Michigan grad student brings Rosie the Riveter to life to help Yankee Air Museum fundraising efforts
Melanie Maxwell | AnnArbor.com
“Well, I love history, I kind of look like Rosie the Riveter and it was a really easy costume to put together,” said Alison Beatty, who has been standing all week at the corner of Jackson Avenue and West Stadium Boulevard with a “SaveTheBomberPlant.org” sign.
“The response has been really positive. Everyone seems to connect to Rosie.”
Beatty was moved to act when she logged onto the fundraising campaign’s website three weeks after she first noticed the yard signs adorned with Rosie the Riveter that have been displayed around the region.
“When I finally went there were only five days before what was the deadline and I thought ‘I wish I had gotten here earlier so I could have emailed all of my friends and family and asked them to donate,’” she said.
“The only thing I could think of that would have made me go earlier was someone attracting attention to the sign. So that’s what inspired me to come out here and do the Rosie thing.”
Beatty said that the “Rosie thing,” has been a fun experience for her and made her realize how much appeal the character has more than 70 years after she worked at the plant just down the road.
“Guys love her, girls emote with her and people of all ages just really like her,” she said. “That’s something I didn’t really get before I started all this but it’s been great to see.”
Friday was Beatty’s last day in front of Zingerman’s Roadhouse, where she said a number of people have tried to give her donations on the spot that she cannot accept. She plans on being at the Thunder Over Michigan Air Show at the museum on August 10-11, and she said that if she’s making a noticeable impact she’ll keep up the work through September and up to the new October 1 deadline.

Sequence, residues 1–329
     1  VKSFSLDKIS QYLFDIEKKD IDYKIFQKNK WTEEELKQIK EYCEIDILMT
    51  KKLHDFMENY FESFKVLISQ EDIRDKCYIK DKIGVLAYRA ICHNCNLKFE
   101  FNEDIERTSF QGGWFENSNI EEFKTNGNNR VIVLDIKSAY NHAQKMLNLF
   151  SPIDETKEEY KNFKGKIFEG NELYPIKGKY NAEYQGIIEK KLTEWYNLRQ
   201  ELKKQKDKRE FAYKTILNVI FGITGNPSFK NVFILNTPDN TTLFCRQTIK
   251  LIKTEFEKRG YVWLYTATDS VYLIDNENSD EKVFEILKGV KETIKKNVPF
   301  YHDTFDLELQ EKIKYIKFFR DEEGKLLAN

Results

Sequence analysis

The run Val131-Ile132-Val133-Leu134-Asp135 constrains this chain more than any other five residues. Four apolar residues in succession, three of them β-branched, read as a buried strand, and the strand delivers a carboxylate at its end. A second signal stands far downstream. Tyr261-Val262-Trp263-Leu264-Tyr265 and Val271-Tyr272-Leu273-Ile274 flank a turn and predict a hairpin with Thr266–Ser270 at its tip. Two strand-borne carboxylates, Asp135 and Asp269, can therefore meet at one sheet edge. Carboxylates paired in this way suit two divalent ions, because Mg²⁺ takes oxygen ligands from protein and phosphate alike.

Melanie Maxwell | AnnArbor.com
“ The history of what happened in Michigan with the rise and fall of the automobile industry, and the fact that we had the industrial and factory power to help win the war, is something really incredible that should be preserved.”
Beatty grew up in the Ann Arbor area and went to Chelsea High School. She said her interest in Michigan history was piqued after her experience as an undergraduate student at the University of Texas at Dallas.
“Texans have so much pride for their state and the culture there, that it kind of made me feel the same way about Michigan,” she said.
According to the campaign’s website, on Friday afternoon approximately $4.5 million has been raised of the $8 million needed to save the portion of the plant that made B-24 Liberator bombers during World War II.
After facing an August 1 deadline, the museum was given a 60 day extension earlier this week by the Revitalizing Auto Communities Environmental Response Trust, the organization in charge of the property. The trust said in a statement that the fundraising effort’s “success and momentum” made the extension possible.
On top of her state pride and historical interests, Beatty has a special connection to the B-24 bombers made at the Willow Run plant.
“My grandpa was actually a tail gunner in a B-24 Liberator bomber in the war,” she said.
“The tail gunner is the most dangerous job, but he was a good shot, so they put him in the back. I think a part of this is to honor him and the other people who were involved in the war and everything that they did.”
Ben Freed covers business for AnnArbor.com. You can sign up here to receive Business Review updates every week. Get in touch with Ben at 734-623-2528 or email him at firstname.lastname@example.org. Follow him on twitter @BFreedinA2